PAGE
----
RAF gunner from Manchester guilty of terrorism offences
A former RAF gunner from Manchester who converted to Islam is to be jailed after admitting terrorism offences.
Stephen Gray, 32, also known as Mustafa, served in the Iraq War and attempted to reach Syria on two separate occasions in July 2014.
Abdalraouf Abdallah, 23, from Moss Side, was found guilty at Woolwich Crown Court of helping Gray and three others get to Syria to join jihadis.
The judge adjourned sentencing but said a jail sentence "is going to follow".
Abdallah, who uses a wheelchair after being shot in Libya, also tried to arrange firearms for three men and sent £2,000 to his brother, Mohammed Abdallah, for terrorist purposes, the court heard.
Mohammed went to Syria in June 2014 and planned to meet Gray there.
Prosecutor Max Hill QC said one of Abdallah's contacts in Brussels, known only as Obaida, was "facilitating the movements of terrorists across mainland Europe".
He accused him of being "at the centre of a jihadist network facilitating foreign fighters".
Abdallah, who came to the UK with his family as Libyan refugees in 1993, exchanged messages with Gray online about his travel in the months before July 2014.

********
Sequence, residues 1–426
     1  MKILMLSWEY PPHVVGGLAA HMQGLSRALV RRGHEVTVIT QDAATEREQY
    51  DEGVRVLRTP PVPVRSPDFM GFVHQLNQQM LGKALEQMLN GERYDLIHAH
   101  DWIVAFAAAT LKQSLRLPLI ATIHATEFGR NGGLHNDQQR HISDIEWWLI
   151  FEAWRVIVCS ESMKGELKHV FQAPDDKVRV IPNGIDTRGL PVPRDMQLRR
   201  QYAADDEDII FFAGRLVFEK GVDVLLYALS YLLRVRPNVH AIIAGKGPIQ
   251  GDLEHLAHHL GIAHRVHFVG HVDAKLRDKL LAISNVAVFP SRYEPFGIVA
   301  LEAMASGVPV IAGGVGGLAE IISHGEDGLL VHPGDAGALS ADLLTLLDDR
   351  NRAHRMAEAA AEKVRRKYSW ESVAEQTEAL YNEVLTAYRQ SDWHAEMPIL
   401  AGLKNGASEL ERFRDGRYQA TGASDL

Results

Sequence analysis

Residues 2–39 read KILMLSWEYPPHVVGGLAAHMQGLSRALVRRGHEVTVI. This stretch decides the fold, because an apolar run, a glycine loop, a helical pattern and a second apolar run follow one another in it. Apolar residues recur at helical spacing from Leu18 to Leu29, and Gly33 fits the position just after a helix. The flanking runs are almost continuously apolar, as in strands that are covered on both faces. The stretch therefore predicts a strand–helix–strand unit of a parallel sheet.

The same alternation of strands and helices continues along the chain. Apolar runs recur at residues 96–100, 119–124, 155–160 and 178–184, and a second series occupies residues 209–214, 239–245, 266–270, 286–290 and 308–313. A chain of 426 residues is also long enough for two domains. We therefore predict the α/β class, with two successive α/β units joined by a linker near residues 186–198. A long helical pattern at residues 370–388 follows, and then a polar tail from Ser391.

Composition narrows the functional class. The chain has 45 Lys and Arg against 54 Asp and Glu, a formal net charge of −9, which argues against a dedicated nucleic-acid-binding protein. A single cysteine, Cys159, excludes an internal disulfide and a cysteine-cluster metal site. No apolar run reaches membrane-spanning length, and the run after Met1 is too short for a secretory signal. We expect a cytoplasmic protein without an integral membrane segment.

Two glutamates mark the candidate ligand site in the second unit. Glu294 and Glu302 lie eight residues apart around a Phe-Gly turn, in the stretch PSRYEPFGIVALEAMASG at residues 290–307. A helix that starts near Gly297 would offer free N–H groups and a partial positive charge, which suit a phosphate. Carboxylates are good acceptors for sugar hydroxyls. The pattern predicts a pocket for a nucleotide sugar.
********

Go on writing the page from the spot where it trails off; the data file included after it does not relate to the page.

The pair had apparently known each other for seven or eight years after they met playing football together in Manchester.
Gray served as a gunner in No 2 Squadron of the RAF Regiment, protecting airfields and aircraft, and was stationed in Baghdad in 2004.
He was born to Christian parents and converted to Islam after his time in the British military.
He had his own cleaning company and two wives, under Sharia law, who live in Manchester.
Gray allegedly had a contact in Syria, whom he met at an Arabic university in Egypt, and tried to get to the country by air via Turkey and overground across Europe.
He was arrested in November 2014 and pleaded guilty to preparing to commit acts of terrorism, assisting another in committing acts of terrorism and funding terrorism, it can now be reported.
Det Ch Supt Tony Mole said Gray was not arrested at Manchester Airport after his first attempt to get to Syria because there was not enough evidence.
Abdallah insisted he hated so-called Islamic State (IS) and was acting as a "Royal Mail messenger" passing information between his friends and brother.
He was found guilty of preparation of acts of terrorism and funding terrorism.
Releasing him on bail, Judge Christopher Kinch warned "a prison sentence is going to follow in light of the jury's verdicts."